Supermarket noticeboards bridge the gap

Supermarket boards still have a place

Sharing information online is all too easy - assuming you have a computer or smartphone that is.

As the digital divide between those who have the technology and those who don't widens, it turns out the humble supermarket noticeboard is far from extinct.

Keith Slater designed the community noticeboard for supermarkets when he came to New Zealand 23 years ago.

He was waiting at the checkout of a DIY store behind a customer buying a vanity unit when the idea struck.

"They asked to recommend someone to install the vanity unit and the checkout operator didn't know, so the customer said ?there's no point buying it'.

"Then I walked into a supermarket and saw the tattiest noticeboard with pins on the floor.

"I came up with the idea of these noticeboards.

"Then I dealt with Countdown and Foodtown and it all simply grew from that," Slater says.

"There was a need for it, and a need for an original system rather than the indiscriminate thing that was present at most supermarkets at the time."

Slater owns Market Media, the company which produces and maintains community noticeboards for Progressive supermarkets which include Countdown, Supervalue and Freshchoice.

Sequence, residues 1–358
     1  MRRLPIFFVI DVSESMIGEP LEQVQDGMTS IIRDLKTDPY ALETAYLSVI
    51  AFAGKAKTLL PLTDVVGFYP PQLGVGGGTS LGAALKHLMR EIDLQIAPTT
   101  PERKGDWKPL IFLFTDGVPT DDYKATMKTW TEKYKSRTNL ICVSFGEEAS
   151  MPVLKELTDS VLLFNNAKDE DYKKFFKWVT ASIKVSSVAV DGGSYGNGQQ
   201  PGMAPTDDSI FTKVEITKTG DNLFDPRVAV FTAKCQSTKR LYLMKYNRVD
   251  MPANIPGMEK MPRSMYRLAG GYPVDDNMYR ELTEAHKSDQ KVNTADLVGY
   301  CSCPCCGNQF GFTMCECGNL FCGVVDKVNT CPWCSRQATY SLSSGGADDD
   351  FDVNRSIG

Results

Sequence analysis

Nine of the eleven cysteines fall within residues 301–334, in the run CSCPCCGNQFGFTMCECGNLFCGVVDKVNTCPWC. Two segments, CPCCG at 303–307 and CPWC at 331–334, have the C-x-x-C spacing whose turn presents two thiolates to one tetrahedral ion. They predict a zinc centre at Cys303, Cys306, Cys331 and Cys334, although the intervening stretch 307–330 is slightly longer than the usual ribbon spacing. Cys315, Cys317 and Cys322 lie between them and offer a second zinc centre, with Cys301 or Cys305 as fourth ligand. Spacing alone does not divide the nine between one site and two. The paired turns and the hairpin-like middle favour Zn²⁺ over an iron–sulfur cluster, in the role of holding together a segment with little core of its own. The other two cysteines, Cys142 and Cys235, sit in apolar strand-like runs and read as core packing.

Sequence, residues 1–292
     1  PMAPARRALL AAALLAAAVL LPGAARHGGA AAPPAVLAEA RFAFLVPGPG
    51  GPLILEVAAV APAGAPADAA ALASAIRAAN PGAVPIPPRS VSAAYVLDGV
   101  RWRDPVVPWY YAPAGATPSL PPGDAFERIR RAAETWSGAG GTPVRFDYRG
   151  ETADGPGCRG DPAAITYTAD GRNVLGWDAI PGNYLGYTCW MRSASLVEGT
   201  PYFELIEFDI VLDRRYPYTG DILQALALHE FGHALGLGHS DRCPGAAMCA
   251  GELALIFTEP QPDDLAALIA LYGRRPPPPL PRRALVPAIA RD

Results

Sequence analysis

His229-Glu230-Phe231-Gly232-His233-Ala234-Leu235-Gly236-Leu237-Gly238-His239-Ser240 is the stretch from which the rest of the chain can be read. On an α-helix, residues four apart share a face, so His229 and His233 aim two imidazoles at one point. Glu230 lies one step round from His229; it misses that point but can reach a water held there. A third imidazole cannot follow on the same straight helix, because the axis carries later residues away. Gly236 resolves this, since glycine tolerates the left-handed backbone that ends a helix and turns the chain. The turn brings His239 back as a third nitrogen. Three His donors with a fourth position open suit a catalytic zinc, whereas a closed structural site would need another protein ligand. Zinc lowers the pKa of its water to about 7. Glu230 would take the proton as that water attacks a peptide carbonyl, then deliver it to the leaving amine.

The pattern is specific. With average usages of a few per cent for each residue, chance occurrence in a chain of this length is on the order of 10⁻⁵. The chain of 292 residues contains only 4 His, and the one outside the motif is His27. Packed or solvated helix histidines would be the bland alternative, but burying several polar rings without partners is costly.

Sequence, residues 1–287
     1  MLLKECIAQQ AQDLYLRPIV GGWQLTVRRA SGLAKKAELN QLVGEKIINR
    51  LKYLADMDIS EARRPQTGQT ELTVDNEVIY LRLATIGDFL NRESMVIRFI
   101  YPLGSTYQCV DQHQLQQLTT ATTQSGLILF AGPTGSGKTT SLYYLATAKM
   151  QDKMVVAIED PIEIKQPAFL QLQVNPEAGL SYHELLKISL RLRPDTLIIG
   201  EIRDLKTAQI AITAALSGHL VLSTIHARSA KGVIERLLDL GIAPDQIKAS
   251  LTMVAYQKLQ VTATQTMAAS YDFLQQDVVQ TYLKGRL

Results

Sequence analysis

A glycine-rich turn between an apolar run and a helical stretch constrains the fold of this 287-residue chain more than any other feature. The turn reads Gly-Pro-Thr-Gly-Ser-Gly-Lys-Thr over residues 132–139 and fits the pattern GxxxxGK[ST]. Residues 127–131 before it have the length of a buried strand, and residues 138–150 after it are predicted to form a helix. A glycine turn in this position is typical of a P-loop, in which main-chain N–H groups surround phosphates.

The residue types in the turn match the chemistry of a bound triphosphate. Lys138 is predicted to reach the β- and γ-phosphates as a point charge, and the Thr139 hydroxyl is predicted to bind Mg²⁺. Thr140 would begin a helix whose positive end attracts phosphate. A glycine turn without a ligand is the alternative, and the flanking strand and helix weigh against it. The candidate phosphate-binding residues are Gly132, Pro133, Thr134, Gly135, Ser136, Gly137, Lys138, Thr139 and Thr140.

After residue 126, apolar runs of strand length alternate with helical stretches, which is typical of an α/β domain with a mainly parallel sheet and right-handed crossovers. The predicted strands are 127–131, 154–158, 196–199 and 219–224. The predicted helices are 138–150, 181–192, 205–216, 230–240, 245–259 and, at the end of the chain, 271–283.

Even with the rise of social media, people still use community noticeboards - and their use is increasing, he says.

"From a community perspective they're brilliant.

"Facebook is an enormous product but when you're talking about a supermarket community noticeboard it's uncomplicated, it's accessible to everybody, it's simple to use and it gets results.

"From that point of view there will always be a demand for it and I don't see that diminishing at all," he says.

"The reality is not everybody is computer literate. Some people still don't have a computer.

"As long as there's a supermarket there will be a community noticeboard."

Source: Fairfax News